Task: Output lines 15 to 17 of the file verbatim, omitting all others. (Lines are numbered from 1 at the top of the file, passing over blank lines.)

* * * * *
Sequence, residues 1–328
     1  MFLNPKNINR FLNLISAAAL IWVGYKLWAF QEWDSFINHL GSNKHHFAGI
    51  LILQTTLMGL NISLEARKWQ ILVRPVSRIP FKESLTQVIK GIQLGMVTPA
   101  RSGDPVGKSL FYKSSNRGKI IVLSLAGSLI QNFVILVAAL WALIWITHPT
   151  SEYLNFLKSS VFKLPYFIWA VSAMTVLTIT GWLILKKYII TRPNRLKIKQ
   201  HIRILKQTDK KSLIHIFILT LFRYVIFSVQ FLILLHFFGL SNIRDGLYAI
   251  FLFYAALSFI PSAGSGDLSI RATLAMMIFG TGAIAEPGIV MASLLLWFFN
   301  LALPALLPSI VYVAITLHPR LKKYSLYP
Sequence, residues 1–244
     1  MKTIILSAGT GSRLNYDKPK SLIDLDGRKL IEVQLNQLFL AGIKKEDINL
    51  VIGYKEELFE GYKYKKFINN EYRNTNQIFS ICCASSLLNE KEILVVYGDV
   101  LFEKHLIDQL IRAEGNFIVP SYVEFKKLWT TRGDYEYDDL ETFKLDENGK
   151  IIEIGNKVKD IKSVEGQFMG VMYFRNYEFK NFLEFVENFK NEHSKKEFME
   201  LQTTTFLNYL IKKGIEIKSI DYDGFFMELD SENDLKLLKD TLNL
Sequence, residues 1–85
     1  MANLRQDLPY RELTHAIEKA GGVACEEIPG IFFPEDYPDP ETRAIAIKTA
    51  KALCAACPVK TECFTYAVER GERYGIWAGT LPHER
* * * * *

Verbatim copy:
Sequence, residues 1–85
     1  MANLRQDLPY RELTHAIEKA GGVACEEIPG IFFPEDYPDP ETRAIAIKTA
    51  KALCAACPVK TECFTYAVER GERYGIWAGT LPHER